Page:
Alcohol Addiction/Overindulgence


Abstinence is the best course for those who can't control their drinking.

Although not a cure, various supplements may help heavy drinkers overcome their craving for alcohol, support them during the taxing withdrawal period and set them on the road to recovery.

What is it?

An intense physical and pschological dependence on alcohol is the hallmark of alcoholism – which many consider a chronic disease, like diabetes or hypertension.

Though alcohol in moderation appears to protect the heart, excessive drinking over time can damage the liver, pancreas, intestine, brain and other organs.

It can also cause malnutrition when empty alcohol kilojoules replace a nourishing diet.

What causes it?

Drinking has a social component: it makes most people feel talkative and relaxed.

Precisely why some people pursue alcohol to excess remains a mystery.

Psychosocial factors play a role, but there seems to be strong genetic component as well: indeed, children of alcoholics are at high risk of developing the disease, even when they are raised in nondrinking households.

What are the symptoms?

  • Constantly seeking opportunities to drink; being unable to cut intake; putting alcohol before family, friends and work.
  • Needing more and more alcohol to achieve the same effect.
  • Reacting indignantly to criticism of drinking; adamantly denying the problem.
  • Experiencing withdrawal signs (tremours, seizures and hallucinations) if drinking is stopped.

Are there any natural therapies?

Most heavy drinkers are deficient in important nutrients, including B vitamins, vitamin C and amino acids (protein), because they don't have a healthy diet and because alcohol has toxic effects. It many be beneficial to continue therapy for several months or more to help restore depleted nutrients.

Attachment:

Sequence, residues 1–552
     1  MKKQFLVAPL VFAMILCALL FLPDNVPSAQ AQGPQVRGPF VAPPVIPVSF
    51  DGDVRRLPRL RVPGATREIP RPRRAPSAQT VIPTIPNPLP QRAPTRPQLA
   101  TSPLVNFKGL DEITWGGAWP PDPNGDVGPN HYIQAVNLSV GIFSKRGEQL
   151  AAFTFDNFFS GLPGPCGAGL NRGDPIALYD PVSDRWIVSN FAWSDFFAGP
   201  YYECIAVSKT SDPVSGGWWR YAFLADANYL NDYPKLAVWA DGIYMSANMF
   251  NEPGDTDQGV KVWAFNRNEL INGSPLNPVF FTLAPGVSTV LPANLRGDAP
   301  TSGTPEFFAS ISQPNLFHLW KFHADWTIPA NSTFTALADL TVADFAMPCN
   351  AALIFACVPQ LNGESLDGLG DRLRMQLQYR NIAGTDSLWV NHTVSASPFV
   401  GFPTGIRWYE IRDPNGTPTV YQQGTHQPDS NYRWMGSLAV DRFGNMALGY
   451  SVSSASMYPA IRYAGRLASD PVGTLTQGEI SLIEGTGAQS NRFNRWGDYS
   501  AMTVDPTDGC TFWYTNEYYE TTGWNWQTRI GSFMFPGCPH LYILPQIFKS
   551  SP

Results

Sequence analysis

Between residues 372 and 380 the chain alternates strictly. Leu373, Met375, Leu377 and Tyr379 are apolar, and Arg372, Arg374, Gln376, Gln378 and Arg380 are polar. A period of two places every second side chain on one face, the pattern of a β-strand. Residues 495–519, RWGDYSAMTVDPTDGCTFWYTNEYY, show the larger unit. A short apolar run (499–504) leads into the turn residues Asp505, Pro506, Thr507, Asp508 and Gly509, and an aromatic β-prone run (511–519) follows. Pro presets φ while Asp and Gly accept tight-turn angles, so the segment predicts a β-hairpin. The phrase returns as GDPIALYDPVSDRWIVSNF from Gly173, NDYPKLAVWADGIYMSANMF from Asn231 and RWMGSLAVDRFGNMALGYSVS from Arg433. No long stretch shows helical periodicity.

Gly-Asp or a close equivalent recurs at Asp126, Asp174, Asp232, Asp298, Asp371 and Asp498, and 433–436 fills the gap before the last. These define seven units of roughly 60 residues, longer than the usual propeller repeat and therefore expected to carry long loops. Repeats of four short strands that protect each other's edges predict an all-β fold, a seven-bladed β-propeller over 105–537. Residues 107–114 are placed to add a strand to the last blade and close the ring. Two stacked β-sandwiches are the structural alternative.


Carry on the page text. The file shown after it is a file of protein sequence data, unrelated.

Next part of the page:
Vitamin C can help to strengthen the body during this difficult period, clearing alcohol from the tissues ad ameliorating mild withdrawal symptoms; it is most useful when taken with vitamin E.

The B-complex vitamins, the amino acid glutamine and kudza vine extracts (from Chinese herbalists) appear to reduce the craving. Take extra thiamine as well to ease withdrawal symptoms.

The herb milk thistle and phosphatidylcholine (500 mg three times a day) strengthen the liver, helping it to rid the body of toxins.

The mineral chromium should be taken to prevent cravings caused by low blood sugar (hypoglycaemia), a common problem in alcoholics.

Evening primrose oil provides the fatty acid GLA (famma-linolenic acid); this substance stimulates production of a brain chemical called prostaglandin E, which works to prevent withdrawal symptoms such as seizures and depression.

It also helps to protect the liver and nervous system. The herbs kava and valerian are both natural sedatives.

What else can I do?

  • Join a support group, such as Alcoholics Anonymous (AA).
  • Try acupuncture: it may reduce the craving for alcohol.

Did you know?

The kudzu vine (Pueraria lobata) is sometimes called 'nature's Antabuse' after the well-known prescription addiction fighter (disulfiram). In Australia it's known as Japanese arrowroot and is found in tropical New South Wales.